A group of 20 renewable energy investors has warned that “immediate changes” to Australia’s Marginal Loss Factors regime are required to avoid negative impacts on investment.
The group, which includes BlackRock, Foresight Group, Infrastructure Capital Group, John Laing, Macquarie and Palisade Investment Partners, said “the current MLF methodology results in revenue that is highly volatile and increasingly difficult to forecast”.
It also counts the Powering Australia Renewables Fund as a member, a fund run by AGL Energy to which QIC has committed A$800 million ($540 million; €493 million) on behalf of its managed client the Future Fund and investors in its Global Infrastructure Fund.
The 20 investors made their views known in a submission to the Australian Energy Market Commission, a body that sets and revises rules in Australia’s National Electricity Market and provides policy advice to governments.
The AEMC was due to publish its draft determination on a request to change the rules on transmission loss factors on 26 September but has delayed the publication to 21 November “due to the complexity and volume of issues raised by stakeholders in submissions and discussions”.
In the submission, the investor group said the current framework impacts investment through “long-term MLF reductions which materially impact the revenue of projects, many of which were commissioned or committed to many years ago, when such reductions were unforeseen”.
It said that short-term volatility and MLF reductions have also affected recently developed projects that have entered construction or operations, resulting in “materially lower” MLFs than had been forecast by industry experts just a few months prior.
The group said that several existing generators are “likely to be suffering a level of financial distress” as a result of the volatility which could result in project defaults and disruption to electricity supply. In turn, this uncertainty “has already, and will likely continue to, lead to a material reduction in existing asset values and therefore require an additional risk premium to be applied to any new investments”.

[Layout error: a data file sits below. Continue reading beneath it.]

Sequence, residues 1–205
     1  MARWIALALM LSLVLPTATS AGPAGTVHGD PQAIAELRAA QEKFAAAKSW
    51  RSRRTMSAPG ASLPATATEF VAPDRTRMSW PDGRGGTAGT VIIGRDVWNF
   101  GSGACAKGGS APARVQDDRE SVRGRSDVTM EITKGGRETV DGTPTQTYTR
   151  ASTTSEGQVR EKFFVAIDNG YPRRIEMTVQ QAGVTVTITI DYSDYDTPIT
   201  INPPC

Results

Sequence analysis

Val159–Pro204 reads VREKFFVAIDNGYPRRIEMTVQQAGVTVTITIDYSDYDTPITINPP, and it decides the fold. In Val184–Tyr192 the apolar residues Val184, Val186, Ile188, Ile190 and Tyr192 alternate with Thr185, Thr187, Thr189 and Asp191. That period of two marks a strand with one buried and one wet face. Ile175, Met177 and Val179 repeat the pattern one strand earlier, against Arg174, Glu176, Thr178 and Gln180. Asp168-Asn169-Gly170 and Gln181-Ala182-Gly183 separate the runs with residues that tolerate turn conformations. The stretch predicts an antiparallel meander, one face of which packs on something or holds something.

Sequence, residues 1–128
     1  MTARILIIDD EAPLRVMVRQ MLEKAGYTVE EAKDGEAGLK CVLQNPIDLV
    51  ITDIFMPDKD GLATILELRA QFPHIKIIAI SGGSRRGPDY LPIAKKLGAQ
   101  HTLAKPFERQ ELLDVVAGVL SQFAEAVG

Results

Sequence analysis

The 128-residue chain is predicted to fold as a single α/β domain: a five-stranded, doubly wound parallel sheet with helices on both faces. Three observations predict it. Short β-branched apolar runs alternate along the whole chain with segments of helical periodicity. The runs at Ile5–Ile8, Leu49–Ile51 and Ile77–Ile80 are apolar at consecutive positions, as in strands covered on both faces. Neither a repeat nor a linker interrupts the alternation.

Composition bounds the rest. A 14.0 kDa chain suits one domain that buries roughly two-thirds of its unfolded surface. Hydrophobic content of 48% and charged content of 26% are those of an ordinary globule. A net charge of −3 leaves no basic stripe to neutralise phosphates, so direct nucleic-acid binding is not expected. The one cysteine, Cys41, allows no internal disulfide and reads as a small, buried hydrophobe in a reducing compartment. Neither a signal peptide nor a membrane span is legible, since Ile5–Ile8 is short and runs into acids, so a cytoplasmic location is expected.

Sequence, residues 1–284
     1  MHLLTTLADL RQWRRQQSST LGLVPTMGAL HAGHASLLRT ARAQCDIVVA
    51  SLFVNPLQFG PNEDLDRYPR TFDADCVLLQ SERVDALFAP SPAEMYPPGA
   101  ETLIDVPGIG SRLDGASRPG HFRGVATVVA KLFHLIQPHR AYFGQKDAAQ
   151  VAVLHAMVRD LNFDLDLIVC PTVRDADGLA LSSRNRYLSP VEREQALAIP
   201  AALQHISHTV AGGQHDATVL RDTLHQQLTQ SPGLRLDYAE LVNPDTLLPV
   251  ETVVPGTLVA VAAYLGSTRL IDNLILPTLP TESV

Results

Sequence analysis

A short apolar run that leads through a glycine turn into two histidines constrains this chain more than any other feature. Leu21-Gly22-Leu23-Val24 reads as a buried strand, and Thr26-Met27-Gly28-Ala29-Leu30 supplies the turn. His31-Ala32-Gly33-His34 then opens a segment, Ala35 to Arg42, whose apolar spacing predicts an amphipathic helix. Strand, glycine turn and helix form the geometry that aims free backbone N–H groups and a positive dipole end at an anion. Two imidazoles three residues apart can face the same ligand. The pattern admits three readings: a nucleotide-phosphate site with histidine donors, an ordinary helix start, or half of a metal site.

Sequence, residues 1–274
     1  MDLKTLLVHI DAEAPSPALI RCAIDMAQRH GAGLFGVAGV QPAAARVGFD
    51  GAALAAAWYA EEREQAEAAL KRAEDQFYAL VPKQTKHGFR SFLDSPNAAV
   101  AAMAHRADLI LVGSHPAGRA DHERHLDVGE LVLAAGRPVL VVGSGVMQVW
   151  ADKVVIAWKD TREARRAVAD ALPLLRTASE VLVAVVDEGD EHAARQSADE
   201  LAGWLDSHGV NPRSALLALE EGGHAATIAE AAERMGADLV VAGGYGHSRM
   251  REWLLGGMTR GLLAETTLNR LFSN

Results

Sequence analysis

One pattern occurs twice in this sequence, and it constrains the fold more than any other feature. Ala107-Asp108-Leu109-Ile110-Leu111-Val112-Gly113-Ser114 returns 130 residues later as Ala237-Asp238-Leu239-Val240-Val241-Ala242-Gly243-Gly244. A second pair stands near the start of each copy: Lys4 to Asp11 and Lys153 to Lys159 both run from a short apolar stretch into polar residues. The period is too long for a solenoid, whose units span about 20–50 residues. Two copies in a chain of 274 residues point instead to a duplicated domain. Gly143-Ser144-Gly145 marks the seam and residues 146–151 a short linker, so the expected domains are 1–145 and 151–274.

It proposed moving to an Average Loss Factor, calculated as the square root of MLFs, which it said would reduce volatility by half and increase project certainty and bankability.
MLFs determine how much of an asset’s output will be credited by the Australian Energy Market Operator, so that a wind farm with an MLF of 0.80 will only receive payment for 80 percent of its output. Similarly, a rating above 1.0 will see the asset credited for more than its output.
The figures effectively represent the percentage of electricity that AEMO predicts will be lost between the generator and the end user, so assets located in remote areas, or in areas with many other generators, often have a lower MLF.
John Laing, which submitted the response on behalf of the group of 20 investors, put renewable investments in Australia on hold in August after booking a £66 million ($82 million; €75 million) write-down on projects due to Marginal Loss Factors. At the time, the firm said that the final MLFs for 2019-20 had produced “unfavourable results” for three of its assets in the country, whose value together represented 11 percent of its total investment portfolio at 31 December 2018.
Foresight Group, another of the investors in the group, saw its Longreach Solar Farm MLF drop from 0.8934 to 0.8729, while its two Oakey Solar Farms saw slight increases.
David Scaysbrook, managing partner of Quinbrook Infrastructure Partners, which is not part of the new investor group, told Infrastructure Investor earlier this year that he believed “there’s a lot of naïve investing” in Australian renewables because of MLFs.
Another member of the investor group is Partners Group, through its Ararat Wind Farm that it co-owns with Canadian pension OPTrust.
Speaking at the Australian Investment Council Conference in Melbourne this month, Partners Group co-founder Urs Wietlisbach reiterated his firm’s bullish position on Australian renewables, despite seeing its Murra Warra Wind Farm de-rated by more than 6 percent from 0.9549 in 2018-19 to 0.8852 in 2019-20.
In response to a question from Infrastructure Investor about how Australian energy policy affects investment, Wietlisbach said that the firm had made a “substantial” investment in the country’s renewables sector through its Grassroots Renewable Energy Platform. In response to criticism of federal energy policy, he added: “The relative value can always be better, but here actually in Australia it’s not so bad.”
30/9/19: This article was amended to reflect that Partners Group is a member of the Clean Energy Investor Group through its part-ownership of Ararat Wind Farm.